On 02/18/2010 10:39 PM, Glenn Ritz wrote:
> Ryan Davis wrote:
>> On Feb 18, 2010, at 11:57 , Glenn Ritz wrote:
>>
>>> Hi,
>>>
>>> I would like to add self to an Enumerable object in Ruby 1.9, like in
>>> this (admittedly) contrived example:
>>>
>>> %w(cat dog mouse).each.with_self { |e, s| puts "self: #{s.inspect}, e: #{e}" }
>> IDGI. What's the point?
>>
>> %w(cat dog mouse).each { |e| s = self; puts "self: #{s.inspect}, e: 
>> #{e}" }
>>
>> or better:
>>
>> %w(cat dog mouse).each { |e| puts "self: #{self.inspect}, e: #{e}" }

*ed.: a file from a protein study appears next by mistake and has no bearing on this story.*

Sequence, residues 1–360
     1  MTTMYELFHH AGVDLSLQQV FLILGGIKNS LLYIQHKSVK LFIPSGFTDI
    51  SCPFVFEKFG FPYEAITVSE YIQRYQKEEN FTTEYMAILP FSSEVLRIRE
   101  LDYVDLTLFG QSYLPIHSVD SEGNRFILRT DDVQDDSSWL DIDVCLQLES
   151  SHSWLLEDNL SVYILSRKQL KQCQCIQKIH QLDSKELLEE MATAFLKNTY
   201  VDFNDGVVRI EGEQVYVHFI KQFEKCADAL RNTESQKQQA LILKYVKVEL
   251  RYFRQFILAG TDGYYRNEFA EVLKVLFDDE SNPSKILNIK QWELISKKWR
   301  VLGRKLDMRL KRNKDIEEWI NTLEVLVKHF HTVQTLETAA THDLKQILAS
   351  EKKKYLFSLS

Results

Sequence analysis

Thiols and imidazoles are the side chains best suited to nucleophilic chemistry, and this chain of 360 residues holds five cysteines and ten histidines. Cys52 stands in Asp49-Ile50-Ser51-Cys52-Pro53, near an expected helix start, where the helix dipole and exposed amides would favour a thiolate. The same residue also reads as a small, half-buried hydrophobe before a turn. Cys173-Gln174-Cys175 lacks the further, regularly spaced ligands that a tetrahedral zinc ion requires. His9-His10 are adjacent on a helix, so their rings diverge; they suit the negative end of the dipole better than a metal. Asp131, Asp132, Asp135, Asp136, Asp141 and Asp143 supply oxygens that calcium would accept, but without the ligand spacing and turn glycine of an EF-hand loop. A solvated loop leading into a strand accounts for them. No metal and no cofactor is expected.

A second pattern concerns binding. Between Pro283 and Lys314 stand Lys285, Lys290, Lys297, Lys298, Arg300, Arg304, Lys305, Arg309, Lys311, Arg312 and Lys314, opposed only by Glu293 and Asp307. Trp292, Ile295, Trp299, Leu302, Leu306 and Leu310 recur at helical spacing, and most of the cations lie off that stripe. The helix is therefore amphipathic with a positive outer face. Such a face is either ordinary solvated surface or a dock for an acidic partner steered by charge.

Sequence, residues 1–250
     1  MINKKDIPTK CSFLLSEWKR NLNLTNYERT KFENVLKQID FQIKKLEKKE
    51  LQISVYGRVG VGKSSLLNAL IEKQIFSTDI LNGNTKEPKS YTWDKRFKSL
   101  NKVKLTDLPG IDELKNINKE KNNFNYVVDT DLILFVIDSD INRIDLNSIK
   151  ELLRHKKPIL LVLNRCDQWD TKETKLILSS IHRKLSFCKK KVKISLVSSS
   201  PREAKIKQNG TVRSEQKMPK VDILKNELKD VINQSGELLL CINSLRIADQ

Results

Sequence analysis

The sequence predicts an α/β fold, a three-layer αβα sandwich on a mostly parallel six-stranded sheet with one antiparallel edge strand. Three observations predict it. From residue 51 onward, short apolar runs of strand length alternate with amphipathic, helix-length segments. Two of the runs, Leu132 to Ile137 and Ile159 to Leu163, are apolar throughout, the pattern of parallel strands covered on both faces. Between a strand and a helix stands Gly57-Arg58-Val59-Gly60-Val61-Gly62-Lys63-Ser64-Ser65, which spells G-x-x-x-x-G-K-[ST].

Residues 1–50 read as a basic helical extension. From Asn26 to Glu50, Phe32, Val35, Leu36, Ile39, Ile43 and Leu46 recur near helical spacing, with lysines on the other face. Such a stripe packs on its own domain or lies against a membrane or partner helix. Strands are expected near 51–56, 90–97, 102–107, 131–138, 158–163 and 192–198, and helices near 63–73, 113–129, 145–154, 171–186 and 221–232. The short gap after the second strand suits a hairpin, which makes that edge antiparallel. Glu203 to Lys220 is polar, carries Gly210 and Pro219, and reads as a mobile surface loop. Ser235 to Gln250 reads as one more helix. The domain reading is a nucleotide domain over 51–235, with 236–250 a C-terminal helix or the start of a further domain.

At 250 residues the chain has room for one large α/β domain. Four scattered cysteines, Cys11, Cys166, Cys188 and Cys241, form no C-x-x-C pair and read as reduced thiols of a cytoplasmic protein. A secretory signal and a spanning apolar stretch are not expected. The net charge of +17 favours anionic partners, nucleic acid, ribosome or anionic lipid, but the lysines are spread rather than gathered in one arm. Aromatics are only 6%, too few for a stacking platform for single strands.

> 
> 
> I want to be able to refer to the array receiver inside of the block. 

What is the point of that?  I mean, you can *always* have a reference to 
the instance around.

s = %w(cat dog mouse)
s.each {|e| ...}

Or, in 1.9

%w(cat dog mouse).tap {|s| s.each {|e| ...}}

Even if you pass around a block for later usage with #each you can make 
sure the collection is accessible inside the block.

What is the real use case of this?  Passing the collection into the 
block during iteration feels wrong.  For example, typically when 
iterating modifications of the underlying collection are dangerous.  Why 
do you need this feature?

Kind regards

	robert


-- 
remember.guy do |as, often| as.you_can - without end
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